Finish on chisel handles?

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Forum topic by P89DC posted 04-11-2019 01:22 PM 614 views 1 time favorited 15 replies Add to Favorites Watch
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26 posts in 599 days

04-11-2019 01:22 PM

I bought some Narex chisel and the handles are raw wood with light stain. I was planning to finish the hornbeam wood with heavy duty polyurethane varnish.

Is there a better finish technique for chisel handles?

What does Lie-Nielsen use on their superb chisels?

15 replies so far

View DBDesigns's profile


217 posts in 358 days

#1 posted 04-11-2019 01:44 PM

I spend a lot of my time re-habbing old Chisels. Part of that process is turning new handles. (Usually made from dogwood which is harder than rock maple.) I have a gallon container of Minwax spar poly that I dip the handles into. then I clamp them upside down in my vice and let them drip into a sacrificial bucket until they are dry. There is always a little drip that hardens on the end of the handle but you can cut that off with a razor knife or sharp chisel and you are good to go. I prefer satin or semigloss finish but it is really just a matter of taste and feel.

Also, if you have a leather pad or metal strike bolt on the end of the handle, the poly will coat them as well.
Good luck and happy sharpening!

-- I remember when Grateful wasn't Dead

View SMP's profile (online now)


849 posts in 267 days

#2 posted 04-11-2019 03:36 PM

I think this would be personal preference. Some people hate the plastic-y feel of poly or other film finishes on handles and want to feel the wood. Some people don’t mind. I personally use satin Arm-r-seal on some of my handles, feels fine to me and really stands up to abuse. I personally don’t like the feel of semi gloss or gloss, I used minwax wipe on poly before on an old hammer and had to steel wool it down with 0000, but now feels fine to me .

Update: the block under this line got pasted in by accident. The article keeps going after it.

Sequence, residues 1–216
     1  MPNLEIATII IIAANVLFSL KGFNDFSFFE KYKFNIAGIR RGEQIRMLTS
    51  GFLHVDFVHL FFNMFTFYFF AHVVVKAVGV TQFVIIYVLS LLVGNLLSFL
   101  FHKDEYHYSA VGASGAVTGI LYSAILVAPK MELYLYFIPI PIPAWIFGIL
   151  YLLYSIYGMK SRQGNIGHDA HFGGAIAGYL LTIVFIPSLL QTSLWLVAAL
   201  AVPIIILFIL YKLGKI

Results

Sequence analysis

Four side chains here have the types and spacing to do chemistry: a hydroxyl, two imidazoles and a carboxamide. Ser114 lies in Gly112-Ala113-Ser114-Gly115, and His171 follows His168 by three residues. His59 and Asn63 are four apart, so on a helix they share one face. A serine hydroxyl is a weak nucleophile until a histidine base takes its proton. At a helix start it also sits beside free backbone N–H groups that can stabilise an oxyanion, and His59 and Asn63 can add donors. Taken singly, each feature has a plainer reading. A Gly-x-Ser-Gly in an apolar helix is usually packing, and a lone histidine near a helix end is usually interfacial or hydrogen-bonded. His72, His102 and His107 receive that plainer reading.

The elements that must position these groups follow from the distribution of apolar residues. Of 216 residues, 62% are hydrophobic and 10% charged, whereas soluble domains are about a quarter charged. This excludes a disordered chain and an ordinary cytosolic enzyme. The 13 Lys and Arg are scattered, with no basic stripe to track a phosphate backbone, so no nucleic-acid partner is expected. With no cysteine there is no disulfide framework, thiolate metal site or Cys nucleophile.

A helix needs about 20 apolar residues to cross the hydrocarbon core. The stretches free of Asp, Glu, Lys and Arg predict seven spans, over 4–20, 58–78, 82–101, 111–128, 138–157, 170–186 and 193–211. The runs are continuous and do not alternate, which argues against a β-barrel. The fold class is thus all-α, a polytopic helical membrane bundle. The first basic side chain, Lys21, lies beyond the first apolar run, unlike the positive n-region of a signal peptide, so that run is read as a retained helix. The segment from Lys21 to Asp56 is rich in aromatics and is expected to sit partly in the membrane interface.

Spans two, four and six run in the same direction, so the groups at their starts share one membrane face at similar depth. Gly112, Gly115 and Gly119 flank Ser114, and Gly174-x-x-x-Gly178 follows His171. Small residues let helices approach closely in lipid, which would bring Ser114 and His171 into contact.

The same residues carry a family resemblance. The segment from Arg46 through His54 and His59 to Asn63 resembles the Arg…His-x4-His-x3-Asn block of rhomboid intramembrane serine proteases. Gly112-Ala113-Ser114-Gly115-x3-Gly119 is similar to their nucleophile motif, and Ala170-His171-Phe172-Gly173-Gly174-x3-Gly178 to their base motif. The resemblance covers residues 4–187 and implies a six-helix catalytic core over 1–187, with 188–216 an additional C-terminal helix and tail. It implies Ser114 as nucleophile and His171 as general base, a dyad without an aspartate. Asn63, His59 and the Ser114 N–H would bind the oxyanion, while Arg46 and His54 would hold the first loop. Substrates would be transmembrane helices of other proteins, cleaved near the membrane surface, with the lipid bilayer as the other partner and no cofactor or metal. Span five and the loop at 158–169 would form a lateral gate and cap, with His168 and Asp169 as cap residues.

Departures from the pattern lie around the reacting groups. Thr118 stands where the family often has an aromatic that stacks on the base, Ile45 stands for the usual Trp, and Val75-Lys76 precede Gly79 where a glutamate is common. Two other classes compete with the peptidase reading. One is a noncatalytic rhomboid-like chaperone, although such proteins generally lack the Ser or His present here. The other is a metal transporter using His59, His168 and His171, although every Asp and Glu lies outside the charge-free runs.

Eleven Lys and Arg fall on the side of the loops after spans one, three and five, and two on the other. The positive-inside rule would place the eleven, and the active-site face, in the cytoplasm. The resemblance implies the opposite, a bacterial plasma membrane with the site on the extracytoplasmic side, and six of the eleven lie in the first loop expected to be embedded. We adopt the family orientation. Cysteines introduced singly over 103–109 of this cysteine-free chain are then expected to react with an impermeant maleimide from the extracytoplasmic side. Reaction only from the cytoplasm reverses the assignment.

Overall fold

as to LN, you could always ask them, they usually get back on questions pretty quick. It could be some proprietary blend. My guess by feeling their new chisel handles is some type of hard wax oil.

View Phil32's profile


533 posts in 264 days

#3 posted 04-11-2019 03:39 PM

in addition to wood preservation we need to consider the long term effects of the finish on our hands. As a woodcarver, I am sometimes in contact with my tool handles for hours at a time. Fortunately I do not have many allergies.

-- Phil Allin - There are mountain climbers and people who talk about climbing mountains. The climbers have "selfies" at the summit!

View DBDesigns's profile


217 posts in 358 days

#4 posted 04-11-2019 03:40 PM

Acknowledge your “wood feel” preference. Maybe danish tung oil would be a good solution. The main point I wanted to make is the process of dipping and dripping!

-- I remember when Grateful wasn't Dead

View CaptainKlutz's profile


1227 posts in 1855 days

#5 posted 04-11-2019 03:51 PM

It always depends on how you want your equipment to feel when you touch it!

Japanese chisels arrive with heavy varnish dip coating. First thing I do is sand it off, and apply a danish oll (usually Tried True, occasionally Watco). I like feel and grip of lightly oiled wood on my striking chisels.
One consideration is how you use the chisels. Put satin Arm-R-Seal on couple of pairing chisels, as I handle them with heavy grip and they seem to pick up dirt/sweat from my hands more easily .vs striking chisel. The poly keeps the handles cleaner looking, and is easier to clean grime off.